"Pray don't speak of an intrusion," she said. "Our servant will be glad to show you through the house, and afterward, if you really think of buying the place, he will give you the address of an agent in Mentone who can tell you everything."
"Then shan't we find you again when we have seen the chateau?" asked Virginia wistfully.
The girl smiled for the first time, but there was no brightness in the smile. "I shall be very pleased to speak with you before you go if there is anything you care to say to me," she replied, mechanically raising the great bunch of heliotrope she had been gathering to her lips.
"Now I will call our servant. He will put up your horses while you go in; though I'm afraid that we have no very good accommodation for them, as our stables have been empty for a long time."
"Oh, thank you, we needn't give him that trouble," said Trent. "I can fasten the horses' bridles to some tree or other, and they will be all right."
The girl disappeared, a slender, youthful figure in the plain black gown, yet her step, though it was not slow, had none of the lithsomeness of youth. She seemed to have lost all joy of life, though she could scarcely have been more than twenty-two or three.
"Another mystery!" Virginia said in a low voice. "How comes she to be English? Is she the girl they were talking about down below, or is she a companion?"
"She looks like a banished princess," said Trent. "I never saw such wonderful eyes. Deep as a well, reflecting a night of stars."
Lady Gardiner's lips tightened a little. She was rather vain of her eyes. "I think the girl would appear a very ordinary young person," she remarked, "if one saw her anywhere but here."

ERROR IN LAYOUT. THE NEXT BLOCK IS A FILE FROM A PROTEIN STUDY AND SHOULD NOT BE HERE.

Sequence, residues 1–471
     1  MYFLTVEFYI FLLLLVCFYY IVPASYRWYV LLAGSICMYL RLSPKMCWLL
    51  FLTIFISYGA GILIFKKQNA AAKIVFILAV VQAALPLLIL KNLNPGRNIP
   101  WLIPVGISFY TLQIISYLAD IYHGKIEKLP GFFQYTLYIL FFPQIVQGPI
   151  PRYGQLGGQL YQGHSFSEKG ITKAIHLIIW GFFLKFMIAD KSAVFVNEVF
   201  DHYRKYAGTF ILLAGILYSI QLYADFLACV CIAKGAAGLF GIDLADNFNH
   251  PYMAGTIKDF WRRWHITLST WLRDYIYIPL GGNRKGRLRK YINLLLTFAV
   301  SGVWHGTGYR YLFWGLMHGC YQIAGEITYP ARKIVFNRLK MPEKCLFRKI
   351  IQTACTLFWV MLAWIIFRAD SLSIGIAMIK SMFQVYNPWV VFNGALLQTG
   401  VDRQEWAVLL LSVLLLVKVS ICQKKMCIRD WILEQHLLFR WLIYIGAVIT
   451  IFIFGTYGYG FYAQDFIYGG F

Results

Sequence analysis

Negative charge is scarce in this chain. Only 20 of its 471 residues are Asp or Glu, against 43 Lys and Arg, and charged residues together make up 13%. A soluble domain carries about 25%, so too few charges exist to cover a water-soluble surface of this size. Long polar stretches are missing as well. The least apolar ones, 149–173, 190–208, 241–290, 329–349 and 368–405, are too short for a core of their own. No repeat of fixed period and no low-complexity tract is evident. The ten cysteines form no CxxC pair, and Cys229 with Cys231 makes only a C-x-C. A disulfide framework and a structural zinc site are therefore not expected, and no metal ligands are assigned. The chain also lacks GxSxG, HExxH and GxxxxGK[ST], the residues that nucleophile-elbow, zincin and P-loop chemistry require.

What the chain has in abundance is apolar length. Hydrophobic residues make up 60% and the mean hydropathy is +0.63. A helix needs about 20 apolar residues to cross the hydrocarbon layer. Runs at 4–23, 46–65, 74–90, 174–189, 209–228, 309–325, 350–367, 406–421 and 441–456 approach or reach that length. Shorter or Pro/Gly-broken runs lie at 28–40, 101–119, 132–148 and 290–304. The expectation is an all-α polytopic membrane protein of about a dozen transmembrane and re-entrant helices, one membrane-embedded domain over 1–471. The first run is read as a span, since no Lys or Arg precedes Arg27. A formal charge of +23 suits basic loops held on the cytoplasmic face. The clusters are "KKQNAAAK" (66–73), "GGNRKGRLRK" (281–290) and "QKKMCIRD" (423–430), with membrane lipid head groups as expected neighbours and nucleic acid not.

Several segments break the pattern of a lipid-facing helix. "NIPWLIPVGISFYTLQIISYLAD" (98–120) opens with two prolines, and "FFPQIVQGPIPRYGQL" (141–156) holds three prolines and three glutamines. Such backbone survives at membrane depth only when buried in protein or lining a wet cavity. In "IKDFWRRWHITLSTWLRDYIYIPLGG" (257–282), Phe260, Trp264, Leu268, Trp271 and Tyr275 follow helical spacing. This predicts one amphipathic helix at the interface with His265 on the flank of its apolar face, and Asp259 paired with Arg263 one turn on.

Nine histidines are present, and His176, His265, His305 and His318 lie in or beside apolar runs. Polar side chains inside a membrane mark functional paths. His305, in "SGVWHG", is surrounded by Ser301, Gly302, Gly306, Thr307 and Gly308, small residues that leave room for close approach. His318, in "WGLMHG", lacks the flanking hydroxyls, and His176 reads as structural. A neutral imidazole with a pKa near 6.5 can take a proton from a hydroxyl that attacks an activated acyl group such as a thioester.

George lifted her down from the horse without answering, but Virginia did not wait to be helped. She sprang to the ground, and by the time that George had tethered the horses an old man in a faded livery came limping out from the side door through which the girl in black had lately disappeared.
Almost crippled with rheumatism, he had still all the dignity of a trusted servant of an ancient house, and his old eyes seemed gravely to defy these prosperous young people to criticize his threadbare clothing.
"Mademoiselle" had desired him to take monsieur and mesdames over the chateau, he politely announced in French, and went on to beg that they would give themselves the trouble of being conducted to the door at the front, that they might go in by the great hall. He also regretted that the visitors had not arrived earlier in the day, as the rooms could not be seen at their best advantage so near to sunset.
Virginia's heart began to beat oddly as she entered the house. She had still the feeling of having left realities behind and strayed into dreamland; but with the opening of the heavy door it seemed to her that the dream was about to change into a vision which would mean something for her future.
Of course it was all nonsense, she told herself, as the old man led them across the shadowy, tapestry-hung hall, and from one huge, dim, wainscotted or frescoed room to another; yet always, as they approached a doorway, she caught herself thinking—"Now a strange thing is going to happen."
"This is the state drawing-room; this is the library; this is the chapel; this is the bride's suite," the servant announced laconically. But though the castle was evidently very ancient and must have a private history of its own, centuries old, he offered no garrulous details of past grandeur, as most servants would. As they walked through a dining-room of magnificent proportions, but meagrely furnished, they passed a half-open door, and Virginia had a glimpse of a charming little room with a huge projecting window. Mechanically she paused, then drew away quickly as she saw that mademoiselle was seated at a table arranging the flowers she had gathered in the melancholy garden. The old man hobbled on, as if the door had not existed, and Virginia would have followed, had not the girl in black stepped forward and invited them in, with a certain proud humility.
"This is our sitting-room—my aunt's and mine," she said. "My aunt is not here now, so come in, if you will. It is a small room; still, it is one of the brightest and most home-like we have left."